Solar awning / gazebo?

Has anyone looked into or considered building a gazebo with solar panels for a roof? Used panels are getting awfully cheap ($100?!) and seems cheaper than plywood + shingles. i.e. think “tall” ground mount that you can walk under. Sloped will be a requirement, due to the dusty environment (dirt driveway, next to a sand arena).

My perhaps unusual design requirement is that I want it to not drip vs sprinkles or condensation dripping off the panels in the morning. To achieve that I was thinking of some sort of overlap and/or flashing to cover the panel-to-panel gaps. or “gutters” under the sides of each panel (running from ridge downward, not like typical gutters) to catch anything dripping down the side edge. How that would work with horizontally laid racking (so that the panels can be overlapped like shingles), I’m not sure. I suppose a U shaped piece of plastic or rubber that’s just drilled to anchor through would be enough?

I haven’t actually looked terribly deep into this yet, including how much racking typically runs. I have done some sketchup drawings to look at how the cast shadow will be for occupants during the day at 10’ up (over an existing 12x16 3’ tall platform) It feels like extending the panels out by a foot or two will be worth the extra shade. Given the existing platform, the roof could be as big as 15 (225W) panels! That’s unfortunately more than the existing 20A circuit running there could handle (read: more cost to add wire. if I’m lucky maybe the conduit that runs under the driveway isn’t crushed and I can just pull new wire) or if it’s cheap enough, just throw away any excess power. or maybe old panels won’t produce enough power to begin with.

Or does the cost of the racking eclipse the cost of just building a plywood roof and using standard roof racking? (i.e. save on shingles, replace with cheap roll roofing)

So many unknown, looking for some rough guidance, looking for what I don’t know yet.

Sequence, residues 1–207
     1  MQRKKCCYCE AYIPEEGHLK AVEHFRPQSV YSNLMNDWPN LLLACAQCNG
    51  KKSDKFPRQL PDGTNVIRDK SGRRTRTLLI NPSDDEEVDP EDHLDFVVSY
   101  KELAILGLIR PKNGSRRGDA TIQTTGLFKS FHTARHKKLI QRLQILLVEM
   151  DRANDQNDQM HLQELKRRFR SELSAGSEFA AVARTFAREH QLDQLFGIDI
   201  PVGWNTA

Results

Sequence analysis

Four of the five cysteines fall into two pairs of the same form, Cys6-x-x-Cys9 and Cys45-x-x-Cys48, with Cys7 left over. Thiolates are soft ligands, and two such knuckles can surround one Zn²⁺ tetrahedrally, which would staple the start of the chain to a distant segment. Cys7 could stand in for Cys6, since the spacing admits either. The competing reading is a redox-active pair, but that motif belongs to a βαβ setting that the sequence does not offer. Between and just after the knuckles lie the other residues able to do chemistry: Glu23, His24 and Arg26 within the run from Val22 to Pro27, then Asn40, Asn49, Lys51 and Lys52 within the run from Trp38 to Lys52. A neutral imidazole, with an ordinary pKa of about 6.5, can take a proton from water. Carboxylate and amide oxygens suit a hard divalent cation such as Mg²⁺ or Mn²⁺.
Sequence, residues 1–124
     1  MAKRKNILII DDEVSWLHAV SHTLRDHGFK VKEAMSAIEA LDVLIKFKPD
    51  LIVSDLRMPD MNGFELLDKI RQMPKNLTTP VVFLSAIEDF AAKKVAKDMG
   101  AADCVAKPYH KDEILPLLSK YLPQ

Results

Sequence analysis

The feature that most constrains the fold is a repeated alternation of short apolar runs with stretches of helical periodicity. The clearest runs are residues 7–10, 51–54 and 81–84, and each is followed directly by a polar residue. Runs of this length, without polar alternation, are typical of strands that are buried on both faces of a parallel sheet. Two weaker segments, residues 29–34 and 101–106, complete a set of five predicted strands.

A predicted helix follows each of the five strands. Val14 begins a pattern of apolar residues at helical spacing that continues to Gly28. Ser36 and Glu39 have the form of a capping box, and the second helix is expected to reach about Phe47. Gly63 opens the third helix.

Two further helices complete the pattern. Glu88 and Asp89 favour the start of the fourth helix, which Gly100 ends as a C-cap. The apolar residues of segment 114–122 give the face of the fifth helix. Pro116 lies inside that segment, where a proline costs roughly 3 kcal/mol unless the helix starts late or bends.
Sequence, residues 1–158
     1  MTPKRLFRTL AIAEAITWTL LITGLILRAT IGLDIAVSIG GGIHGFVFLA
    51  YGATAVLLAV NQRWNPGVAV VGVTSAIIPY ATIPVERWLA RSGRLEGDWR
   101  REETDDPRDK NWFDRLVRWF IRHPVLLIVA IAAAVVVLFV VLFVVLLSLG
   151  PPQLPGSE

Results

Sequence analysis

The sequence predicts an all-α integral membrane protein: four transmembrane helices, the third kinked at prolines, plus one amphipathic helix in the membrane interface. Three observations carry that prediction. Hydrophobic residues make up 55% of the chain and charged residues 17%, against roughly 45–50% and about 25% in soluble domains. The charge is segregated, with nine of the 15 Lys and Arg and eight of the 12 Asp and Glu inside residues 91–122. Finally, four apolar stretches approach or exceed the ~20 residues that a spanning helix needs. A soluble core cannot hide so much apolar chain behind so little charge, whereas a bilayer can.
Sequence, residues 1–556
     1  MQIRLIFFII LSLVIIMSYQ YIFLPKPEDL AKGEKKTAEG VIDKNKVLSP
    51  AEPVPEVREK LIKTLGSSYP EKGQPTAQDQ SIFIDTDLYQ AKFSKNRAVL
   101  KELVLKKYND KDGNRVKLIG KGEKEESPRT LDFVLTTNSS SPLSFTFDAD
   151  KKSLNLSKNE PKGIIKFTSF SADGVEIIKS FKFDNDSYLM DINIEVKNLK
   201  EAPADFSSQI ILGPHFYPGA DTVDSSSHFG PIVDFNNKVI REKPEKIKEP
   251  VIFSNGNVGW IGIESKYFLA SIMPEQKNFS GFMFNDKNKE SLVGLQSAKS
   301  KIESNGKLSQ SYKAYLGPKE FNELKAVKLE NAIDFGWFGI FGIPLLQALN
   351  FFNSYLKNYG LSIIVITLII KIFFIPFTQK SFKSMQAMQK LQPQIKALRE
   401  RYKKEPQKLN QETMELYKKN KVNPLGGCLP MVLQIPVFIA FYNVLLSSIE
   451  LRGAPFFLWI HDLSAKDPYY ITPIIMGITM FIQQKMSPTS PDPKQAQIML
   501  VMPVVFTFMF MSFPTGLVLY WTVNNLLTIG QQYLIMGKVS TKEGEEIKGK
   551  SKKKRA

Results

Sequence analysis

Worst case, I’m considering simply using vertical solar panels as “walls” to provide shade. That is structurally simpler, at least. That would cut the surface area to 5-7 panels.

The problem here is that you’ll probably have condensation on both sides of the panel. If you want to keep rain on top from dropping down, you can use something like this:

But it won’t solve “condensation on the bottom of the panels.” For that, you’d need… a waterproof sort of system, maybe with some asphalt or metal over a structure, some OSB or something… :wink:

The biggest problem is that you’re going to (a) require microinverters or rapid shutdown, as it’s not a structure purely dedicated to solar (like my ground mount arrays are), and (b) you’re going to have all sorts of nightmares with planning and zoning about “WTF is this, what regulations apply, etc.” I seem to recall you live somewhere they matter.

You might be able to do something with a small string inverter and optimizers. Is your 20A circuit 120V or 240V with a neutral? If it’s 120V only, you’re going to have to pull more wire no matter what you do - most inverters are unhappy without a neutral reference.

I think it’s doable. It’s just going to be 5x the frustration you’re expecting with planning sorts, if you can get over the condensation on the bottom of the panels problem (and I assure you, they will get condensation down there - they’re going to be “radiant cooled into space,” and will be more than cold enough to build up condensation in some conditions).

Existing gazebo is end-of-life. After too many years it’s rusted and the cloth top was all ripped to shreds (and tossed in the trash)

The more I thought about it, the more I realized that condensation would be unsolvable. So building an actual gazebo (even with cheap roll roofing) with roof racking for solar would be the only answer to solve the dripping problem.

I’ll see if it pencils out wrt cost (I doubt it), so maybe just a “shade wall” on one side of the gazebo with 3-4 panels (i.e. where that back plywood is today).

Also this looks like a commercial property, at which point I wouldn’t mess with it at all.

Last comment: “solar carport” including larger ones for tractors and RVs looks like a generically better situation (more roof, better built), but the owner just built a lean-to a year ago for the tractor, replacing a tarp based carport, so the budget’s already gone for that idea. OTOH, the owner did just get a new RV, maybe I could suggest a RV carport with solar…

Electricity cost in California have skyrocketed, and is in excess of 50 cents/kwh under some tariffs! Despite the poor NEM 3.0 reception (basically you can’t use the grid as a free battery anymore), I figured this was going to happen eventually. In general, onsite battery installations to shift duck-curve use is in high demand, as are new solar installs.